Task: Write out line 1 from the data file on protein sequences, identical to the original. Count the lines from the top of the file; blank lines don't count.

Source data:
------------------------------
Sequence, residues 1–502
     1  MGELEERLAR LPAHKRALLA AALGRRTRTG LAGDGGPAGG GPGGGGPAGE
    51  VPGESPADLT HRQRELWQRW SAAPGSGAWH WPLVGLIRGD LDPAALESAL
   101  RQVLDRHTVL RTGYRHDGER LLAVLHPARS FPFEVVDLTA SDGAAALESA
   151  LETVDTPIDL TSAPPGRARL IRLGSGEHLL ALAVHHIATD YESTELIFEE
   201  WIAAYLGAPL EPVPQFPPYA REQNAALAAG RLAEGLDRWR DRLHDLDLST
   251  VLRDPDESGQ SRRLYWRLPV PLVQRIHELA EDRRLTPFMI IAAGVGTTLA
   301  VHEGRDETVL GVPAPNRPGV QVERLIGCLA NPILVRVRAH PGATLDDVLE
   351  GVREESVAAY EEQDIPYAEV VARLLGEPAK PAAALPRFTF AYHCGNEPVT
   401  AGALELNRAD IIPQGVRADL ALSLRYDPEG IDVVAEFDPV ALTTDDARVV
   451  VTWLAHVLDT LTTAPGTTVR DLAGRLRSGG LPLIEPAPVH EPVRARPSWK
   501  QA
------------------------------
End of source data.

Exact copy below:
Sequence, residues 1–502